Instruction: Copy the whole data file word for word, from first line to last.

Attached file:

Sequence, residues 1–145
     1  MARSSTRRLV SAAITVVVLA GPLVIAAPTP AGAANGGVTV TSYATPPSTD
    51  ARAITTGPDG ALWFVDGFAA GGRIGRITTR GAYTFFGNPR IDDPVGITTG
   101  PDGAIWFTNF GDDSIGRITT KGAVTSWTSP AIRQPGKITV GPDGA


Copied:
Sequence, residues 1–145
     1  MARSSTRRLV SAAITVVVLA GPLVIAAPTP AGAANGGVTV TSYATPPSTD
    51  ARAITTGPDG ALWFVDGFAA GGRIGRITTR GAYTFFGNPR IDDPVGITTG
   101  PDGAIWFTNF GDDSIGRITT KGAVTSWTSP AIRQPGKITV GPDGA